10. Deputy Donnchadh Ó Laoghaire asked the Minister for Justice and Equality his views on the recent comments by a union (details supplied) in addition to other bodies in relation to the new domestic violence legislation and the lack of training provided to members of An Garda Síochána to carry out the duties required of them by this legislation; and if he will make a statement on the matter. [11876/19]


Deputy Charles Flanagan: The Domestic Violence Act 2018 is landmark legislation which significantly enhanced the legal protections available to victims of this appalling form of violence. I was pleased to commence all the provisions of the Act, including the provision which created a new offence of coercive control, on 1 January last. This offence recognises the psychological abuse aspect of domestic violence.
As the Deputy will appreciate, the Garda Commissioner is responsible for carrying on, managing and controlling generally the administration and business of An Garda Síochána, including arranging for the training of its members and Garda staff and I, as Minister, have no direct role in the matter. There can be no doubt, however, about the Commissioner's commitment to tackling this deplorable crime.
It is clearly very important that gardaí understand the legislation in order to intervene effectively and training is crucial in this regard. I am advised by Garda management that a number of training initiative measures have already been taken and further measures are planned to ensure that members of An Garda Síochána have a solid understanding of the new legislation, including the new offence of coercive control.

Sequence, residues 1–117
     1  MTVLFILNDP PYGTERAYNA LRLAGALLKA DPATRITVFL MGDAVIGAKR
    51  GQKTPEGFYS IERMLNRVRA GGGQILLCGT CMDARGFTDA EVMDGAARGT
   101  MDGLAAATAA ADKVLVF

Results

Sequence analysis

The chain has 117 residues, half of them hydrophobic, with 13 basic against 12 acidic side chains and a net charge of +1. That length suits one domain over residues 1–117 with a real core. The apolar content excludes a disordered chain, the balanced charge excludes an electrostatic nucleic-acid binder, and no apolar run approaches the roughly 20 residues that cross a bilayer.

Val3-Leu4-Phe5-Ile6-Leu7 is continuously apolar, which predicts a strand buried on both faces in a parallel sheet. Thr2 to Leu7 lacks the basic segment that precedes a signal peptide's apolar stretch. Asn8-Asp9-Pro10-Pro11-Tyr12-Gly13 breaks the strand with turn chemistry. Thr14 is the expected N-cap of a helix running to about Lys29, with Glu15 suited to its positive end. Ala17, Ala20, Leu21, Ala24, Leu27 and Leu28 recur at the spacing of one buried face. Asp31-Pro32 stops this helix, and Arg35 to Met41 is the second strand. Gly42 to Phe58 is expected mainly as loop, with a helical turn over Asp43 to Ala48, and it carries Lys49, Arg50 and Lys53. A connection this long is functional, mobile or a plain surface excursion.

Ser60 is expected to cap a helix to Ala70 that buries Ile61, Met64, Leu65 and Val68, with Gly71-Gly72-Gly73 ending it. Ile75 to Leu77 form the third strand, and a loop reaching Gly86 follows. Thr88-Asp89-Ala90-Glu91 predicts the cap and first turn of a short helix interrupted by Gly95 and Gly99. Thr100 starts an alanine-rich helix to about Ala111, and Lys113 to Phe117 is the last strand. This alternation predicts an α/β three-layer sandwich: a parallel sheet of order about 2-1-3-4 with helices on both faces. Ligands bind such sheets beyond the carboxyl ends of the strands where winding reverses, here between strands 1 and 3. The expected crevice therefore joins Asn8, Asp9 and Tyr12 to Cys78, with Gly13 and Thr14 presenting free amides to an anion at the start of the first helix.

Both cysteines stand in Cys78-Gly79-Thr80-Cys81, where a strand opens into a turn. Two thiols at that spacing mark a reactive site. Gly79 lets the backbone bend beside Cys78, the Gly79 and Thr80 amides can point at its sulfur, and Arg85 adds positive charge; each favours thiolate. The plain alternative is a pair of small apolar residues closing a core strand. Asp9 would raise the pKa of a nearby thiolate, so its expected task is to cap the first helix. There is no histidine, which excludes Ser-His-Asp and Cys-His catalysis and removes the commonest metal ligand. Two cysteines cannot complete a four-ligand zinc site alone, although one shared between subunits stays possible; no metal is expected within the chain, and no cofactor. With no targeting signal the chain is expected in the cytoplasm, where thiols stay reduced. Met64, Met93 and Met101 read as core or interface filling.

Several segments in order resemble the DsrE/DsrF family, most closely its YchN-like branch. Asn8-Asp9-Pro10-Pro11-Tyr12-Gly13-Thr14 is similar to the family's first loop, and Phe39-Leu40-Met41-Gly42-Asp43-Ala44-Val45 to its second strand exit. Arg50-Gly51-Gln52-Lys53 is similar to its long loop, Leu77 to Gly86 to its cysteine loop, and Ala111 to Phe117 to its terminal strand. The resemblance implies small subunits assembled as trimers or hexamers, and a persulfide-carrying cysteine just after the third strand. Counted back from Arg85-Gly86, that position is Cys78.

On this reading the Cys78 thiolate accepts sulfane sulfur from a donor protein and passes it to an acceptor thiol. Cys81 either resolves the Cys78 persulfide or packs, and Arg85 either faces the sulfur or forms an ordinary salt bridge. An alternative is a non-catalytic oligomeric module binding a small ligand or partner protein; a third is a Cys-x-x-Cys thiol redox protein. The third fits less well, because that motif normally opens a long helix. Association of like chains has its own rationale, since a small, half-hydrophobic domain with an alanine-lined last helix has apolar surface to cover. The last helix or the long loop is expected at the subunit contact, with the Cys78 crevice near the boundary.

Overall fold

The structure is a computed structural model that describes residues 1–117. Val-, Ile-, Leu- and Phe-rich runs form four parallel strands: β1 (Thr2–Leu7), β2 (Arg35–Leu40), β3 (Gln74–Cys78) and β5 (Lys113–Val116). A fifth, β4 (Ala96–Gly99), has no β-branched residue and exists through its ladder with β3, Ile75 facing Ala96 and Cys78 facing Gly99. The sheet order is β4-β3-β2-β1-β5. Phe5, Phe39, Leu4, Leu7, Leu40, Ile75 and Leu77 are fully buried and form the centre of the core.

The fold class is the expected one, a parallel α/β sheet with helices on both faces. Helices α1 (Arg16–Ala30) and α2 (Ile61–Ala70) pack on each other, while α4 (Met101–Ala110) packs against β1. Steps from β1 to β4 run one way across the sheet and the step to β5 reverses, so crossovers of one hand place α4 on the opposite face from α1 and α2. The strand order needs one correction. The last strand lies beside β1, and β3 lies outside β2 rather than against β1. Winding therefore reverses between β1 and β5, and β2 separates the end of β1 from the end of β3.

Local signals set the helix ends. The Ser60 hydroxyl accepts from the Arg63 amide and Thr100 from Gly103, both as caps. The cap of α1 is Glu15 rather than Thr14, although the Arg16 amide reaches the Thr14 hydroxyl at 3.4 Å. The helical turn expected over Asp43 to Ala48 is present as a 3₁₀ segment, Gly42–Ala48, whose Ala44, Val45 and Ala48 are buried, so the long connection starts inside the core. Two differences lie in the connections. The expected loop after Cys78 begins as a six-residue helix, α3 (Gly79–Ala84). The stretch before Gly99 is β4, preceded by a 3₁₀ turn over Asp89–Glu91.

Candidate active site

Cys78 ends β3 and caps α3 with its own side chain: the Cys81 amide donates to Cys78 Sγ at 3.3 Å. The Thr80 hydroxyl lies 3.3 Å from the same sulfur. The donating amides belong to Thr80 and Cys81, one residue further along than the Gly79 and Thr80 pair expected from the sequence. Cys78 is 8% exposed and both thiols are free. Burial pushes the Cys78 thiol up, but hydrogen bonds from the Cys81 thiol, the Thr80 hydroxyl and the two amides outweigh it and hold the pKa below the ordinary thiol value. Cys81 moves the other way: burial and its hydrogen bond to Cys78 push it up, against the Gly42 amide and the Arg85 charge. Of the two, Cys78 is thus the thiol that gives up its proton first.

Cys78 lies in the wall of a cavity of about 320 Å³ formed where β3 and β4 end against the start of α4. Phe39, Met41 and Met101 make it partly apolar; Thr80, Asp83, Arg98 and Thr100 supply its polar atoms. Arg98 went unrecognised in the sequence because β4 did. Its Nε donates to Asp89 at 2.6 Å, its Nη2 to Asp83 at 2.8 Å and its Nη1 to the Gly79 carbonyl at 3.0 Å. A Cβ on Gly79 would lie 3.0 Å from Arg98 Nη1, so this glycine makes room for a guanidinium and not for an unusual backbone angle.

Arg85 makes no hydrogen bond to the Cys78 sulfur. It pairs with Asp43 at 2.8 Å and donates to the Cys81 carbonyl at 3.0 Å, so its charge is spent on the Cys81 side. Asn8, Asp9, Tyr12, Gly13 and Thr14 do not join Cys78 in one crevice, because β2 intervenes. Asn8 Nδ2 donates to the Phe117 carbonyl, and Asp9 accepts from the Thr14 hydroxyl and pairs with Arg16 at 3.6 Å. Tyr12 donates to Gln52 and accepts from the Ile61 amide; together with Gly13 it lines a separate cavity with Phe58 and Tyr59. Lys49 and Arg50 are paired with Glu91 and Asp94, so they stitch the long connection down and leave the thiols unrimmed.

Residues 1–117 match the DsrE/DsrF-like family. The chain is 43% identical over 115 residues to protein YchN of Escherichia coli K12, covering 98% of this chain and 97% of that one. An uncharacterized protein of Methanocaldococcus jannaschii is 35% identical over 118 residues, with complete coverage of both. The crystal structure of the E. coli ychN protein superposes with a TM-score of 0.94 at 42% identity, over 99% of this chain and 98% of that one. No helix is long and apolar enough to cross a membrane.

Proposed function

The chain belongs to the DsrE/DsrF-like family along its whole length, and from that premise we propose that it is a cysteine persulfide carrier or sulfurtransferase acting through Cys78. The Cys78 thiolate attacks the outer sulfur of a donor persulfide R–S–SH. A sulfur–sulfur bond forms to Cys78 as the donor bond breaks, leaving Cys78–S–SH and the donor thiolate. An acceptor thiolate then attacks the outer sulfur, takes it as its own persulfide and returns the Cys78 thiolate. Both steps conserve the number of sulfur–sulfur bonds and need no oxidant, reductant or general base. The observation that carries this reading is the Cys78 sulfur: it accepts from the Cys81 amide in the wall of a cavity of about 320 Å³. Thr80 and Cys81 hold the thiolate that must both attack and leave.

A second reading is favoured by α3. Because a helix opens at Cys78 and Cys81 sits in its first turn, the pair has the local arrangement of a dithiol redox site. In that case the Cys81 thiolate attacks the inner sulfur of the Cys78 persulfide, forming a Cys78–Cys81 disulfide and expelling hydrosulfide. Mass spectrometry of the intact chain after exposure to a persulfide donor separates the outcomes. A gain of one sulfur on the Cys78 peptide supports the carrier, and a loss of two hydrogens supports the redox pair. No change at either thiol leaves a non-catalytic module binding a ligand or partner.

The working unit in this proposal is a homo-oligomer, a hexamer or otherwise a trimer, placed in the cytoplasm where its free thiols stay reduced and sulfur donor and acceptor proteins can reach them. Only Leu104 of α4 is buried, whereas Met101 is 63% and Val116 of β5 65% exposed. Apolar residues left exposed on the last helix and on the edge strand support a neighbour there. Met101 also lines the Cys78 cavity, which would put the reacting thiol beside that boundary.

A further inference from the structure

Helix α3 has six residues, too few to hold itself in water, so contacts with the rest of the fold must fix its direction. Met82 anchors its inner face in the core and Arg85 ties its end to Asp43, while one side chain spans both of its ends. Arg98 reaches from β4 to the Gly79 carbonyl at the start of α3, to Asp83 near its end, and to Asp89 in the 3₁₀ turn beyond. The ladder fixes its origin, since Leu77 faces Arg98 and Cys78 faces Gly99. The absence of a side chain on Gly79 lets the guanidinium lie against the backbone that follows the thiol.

I am informed that the measures taken to date include the following. Training has been provided at Templemore Garda College to members of the divisional protective services unit and inspectors nationwide with the domestic abuse portfolio by an international expert from the UK, in relation to domestic homicides and their link to coercive control. The UK was one of the first countries to introduce the offence of coercive control. This was part of a three day domestic abuse modular training programme that took place in the Garda College in February of this year. Train-the-trainer training for members of An Garda Síochána in the area of coercive control, developed in conjunction with the Garda National Protected Services Bureau, will aid in the creation and delivery of organisation-wide training. Domestic abuse response, including the Domestic Violence Act 2018, is included in the continuous professional development training programmes for this year in An Garda Síochána. There are training lectures for probationer gardaí at the Garda College in Templemore.